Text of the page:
On the busy road into Cambridge, as it winds through the suburban village of Trumpington, you pass a pub with a sign that boldly declares it possesses ‘Cambridge’s Best Kept Secret – Great Thai Food’. Of course, for ‘best’ you should read ‘worst’. This self-defeating annoucement was repeated recently in a rather blatant piece of of ‘content’ filler on the Guardian’s website. Piggybacking on another product as so much modern predatory ‘content’ does (in this instance, a new BBC TV series), an article’s headline enquired: What are your favourite secret places in Britain’s countryside? Some below-the-line commentators saw through the ruse, posting comments along the lines of ‘If I told you, it would no longer be secret!’ Others, however, were only too happy to oblige, divulging their hidden Edens to the wider public. These responses spawned a follow-up article, Your favourite secret corners of the British countryside – mapped, compounding the betrayal of these secret paradises, by mapping them with flags on Google maps.
Not only is the object of a secret is manifestly defeated in these two public annoucements, but what is curious is: 1) how capitalism uses the secret for publicity as a marketing tool; and 2) how readily some of those Guardian readers were to reveal their own private paradises. What is particularly cynical about the latter is how the Guardian connived to get this private information out of them and into its very public domain. For, along with the contentless nature of modern content, there is another ‘con’ involved: that of its being outsourced, user-generated. Contributors receive the pseudo-creditability of having their work – photos, short inoffensive articles – hosted on the website in its Guardian Witness section, which the Guardian will use to generate statistics to sell advertising space and generate revenue on the back of these contributor’s unpaid work. It’s a curious economic model for an institution that once bemoaned the rise of internships, but in a world of proliferating digital content, those empty text boxes have to get filled somehow, doncha know! Of course, this is equally true of every reader visiting the site: all visits are converted into discrete data flows – clicks, page views, etc. – which are amassed and repackaged to impress potential advertisers. Since it’s still free to read, how are we to complain?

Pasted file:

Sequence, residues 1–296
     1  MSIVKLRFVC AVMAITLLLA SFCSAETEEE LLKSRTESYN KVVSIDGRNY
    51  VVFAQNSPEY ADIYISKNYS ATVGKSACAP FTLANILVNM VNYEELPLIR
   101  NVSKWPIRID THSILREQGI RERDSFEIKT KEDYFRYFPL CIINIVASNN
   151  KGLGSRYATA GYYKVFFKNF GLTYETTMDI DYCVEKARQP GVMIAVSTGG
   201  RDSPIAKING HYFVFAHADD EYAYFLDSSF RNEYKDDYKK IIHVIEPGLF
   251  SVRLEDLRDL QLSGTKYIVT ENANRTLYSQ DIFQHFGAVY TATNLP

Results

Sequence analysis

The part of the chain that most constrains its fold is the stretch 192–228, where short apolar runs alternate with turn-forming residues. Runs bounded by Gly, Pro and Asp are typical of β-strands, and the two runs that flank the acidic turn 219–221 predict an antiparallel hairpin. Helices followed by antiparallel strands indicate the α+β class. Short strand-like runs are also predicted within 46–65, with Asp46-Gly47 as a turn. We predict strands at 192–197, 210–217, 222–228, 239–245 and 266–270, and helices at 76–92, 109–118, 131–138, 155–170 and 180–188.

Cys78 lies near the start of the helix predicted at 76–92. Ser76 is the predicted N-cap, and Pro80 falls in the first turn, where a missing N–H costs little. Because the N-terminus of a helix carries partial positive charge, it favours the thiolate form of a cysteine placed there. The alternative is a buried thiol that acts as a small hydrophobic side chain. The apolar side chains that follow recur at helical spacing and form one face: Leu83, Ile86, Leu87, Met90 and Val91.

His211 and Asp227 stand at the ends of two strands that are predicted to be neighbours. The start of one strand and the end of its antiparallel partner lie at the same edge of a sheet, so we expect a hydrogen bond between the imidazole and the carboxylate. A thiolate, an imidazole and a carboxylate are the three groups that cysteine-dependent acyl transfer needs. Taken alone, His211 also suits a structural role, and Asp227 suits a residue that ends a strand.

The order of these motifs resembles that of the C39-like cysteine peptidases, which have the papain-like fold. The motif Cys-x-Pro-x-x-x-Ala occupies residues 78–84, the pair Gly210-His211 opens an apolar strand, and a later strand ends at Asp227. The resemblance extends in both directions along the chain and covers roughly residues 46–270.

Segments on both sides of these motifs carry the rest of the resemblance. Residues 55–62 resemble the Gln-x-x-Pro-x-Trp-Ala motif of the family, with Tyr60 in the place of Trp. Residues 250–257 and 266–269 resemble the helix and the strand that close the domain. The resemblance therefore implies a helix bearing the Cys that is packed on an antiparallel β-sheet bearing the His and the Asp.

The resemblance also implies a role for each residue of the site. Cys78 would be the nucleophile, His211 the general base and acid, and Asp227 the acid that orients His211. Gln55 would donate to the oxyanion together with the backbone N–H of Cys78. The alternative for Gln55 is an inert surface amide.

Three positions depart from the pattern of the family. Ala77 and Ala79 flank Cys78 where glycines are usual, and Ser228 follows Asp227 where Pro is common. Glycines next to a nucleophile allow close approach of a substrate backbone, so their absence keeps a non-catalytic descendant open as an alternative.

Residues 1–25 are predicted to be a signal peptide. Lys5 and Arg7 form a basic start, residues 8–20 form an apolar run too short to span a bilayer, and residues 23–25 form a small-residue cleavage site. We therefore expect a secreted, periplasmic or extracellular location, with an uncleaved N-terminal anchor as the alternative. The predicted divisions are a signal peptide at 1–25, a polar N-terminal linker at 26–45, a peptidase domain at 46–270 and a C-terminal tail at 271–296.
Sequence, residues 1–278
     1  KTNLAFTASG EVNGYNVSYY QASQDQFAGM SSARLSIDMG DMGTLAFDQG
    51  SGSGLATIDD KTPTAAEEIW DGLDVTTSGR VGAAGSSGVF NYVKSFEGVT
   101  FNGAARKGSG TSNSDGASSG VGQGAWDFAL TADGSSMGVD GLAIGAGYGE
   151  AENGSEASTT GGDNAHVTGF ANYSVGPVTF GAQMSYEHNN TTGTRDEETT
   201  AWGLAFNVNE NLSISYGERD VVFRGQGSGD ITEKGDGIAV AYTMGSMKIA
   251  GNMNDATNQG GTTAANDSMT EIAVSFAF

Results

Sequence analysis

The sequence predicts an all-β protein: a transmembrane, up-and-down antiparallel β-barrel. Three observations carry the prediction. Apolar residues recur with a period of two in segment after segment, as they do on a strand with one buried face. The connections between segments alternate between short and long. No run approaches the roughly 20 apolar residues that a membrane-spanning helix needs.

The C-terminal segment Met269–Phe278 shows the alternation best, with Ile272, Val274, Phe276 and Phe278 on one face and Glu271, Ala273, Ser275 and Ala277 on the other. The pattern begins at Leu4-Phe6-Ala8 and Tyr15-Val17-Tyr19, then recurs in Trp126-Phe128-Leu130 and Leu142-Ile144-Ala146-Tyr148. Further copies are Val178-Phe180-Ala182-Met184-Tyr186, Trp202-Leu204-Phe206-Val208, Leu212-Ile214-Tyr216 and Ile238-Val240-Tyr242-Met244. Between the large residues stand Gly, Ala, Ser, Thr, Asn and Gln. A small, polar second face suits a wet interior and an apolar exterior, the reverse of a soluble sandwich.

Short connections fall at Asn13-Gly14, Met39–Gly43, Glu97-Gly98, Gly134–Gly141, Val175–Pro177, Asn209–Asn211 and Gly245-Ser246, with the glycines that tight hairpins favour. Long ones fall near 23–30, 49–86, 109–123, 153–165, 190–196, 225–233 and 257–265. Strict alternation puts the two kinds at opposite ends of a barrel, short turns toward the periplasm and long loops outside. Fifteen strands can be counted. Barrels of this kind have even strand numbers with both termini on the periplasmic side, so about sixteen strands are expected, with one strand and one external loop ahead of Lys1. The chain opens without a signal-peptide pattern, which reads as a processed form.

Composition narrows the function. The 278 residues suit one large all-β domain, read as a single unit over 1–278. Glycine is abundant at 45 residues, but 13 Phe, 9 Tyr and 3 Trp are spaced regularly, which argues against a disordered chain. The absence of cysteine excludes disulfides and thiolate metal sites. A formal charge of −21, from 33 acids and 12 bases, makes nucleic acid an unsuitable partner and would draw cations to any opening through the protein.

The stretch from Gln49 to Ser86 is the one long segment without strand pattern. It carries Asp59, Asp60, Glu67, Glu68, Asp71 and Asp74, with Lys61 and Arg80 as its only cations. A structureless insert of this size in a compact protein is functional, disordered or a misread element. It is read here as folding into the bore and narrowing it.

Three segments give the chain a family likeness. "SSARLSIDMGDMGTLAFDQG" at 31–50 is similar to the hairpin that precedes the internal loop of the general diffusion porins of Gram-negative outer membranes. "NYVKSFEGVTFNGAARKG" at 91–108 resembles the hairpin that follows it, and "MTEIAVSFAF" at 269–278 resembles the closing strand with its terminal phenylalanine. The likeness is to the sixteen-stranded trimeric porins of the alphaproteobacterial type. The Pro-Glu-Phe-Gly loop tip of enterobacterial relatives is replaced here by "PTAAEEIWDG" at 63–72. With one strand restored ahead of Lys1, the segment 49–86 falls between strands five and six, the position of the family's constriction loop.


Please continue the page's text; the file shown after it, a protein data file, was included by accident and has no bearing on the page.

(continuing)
Still, what is troubling about the Guardian’s articles is the predatory nature of it. In a world where the division between public and private is collapsing through both the ‘lifestreaming’ Instagram culture, a government surveillance assemblage which demands that ‘if you’ve nothing to hide, you’ve got nothing to fear’, and now newspapers encouraging you to feed them content, it would seem that even our secrets are no longer safe.
Featured Image c/o Tralmer Poster Collection (Plakatsammlung) and used under a Creative Commons license.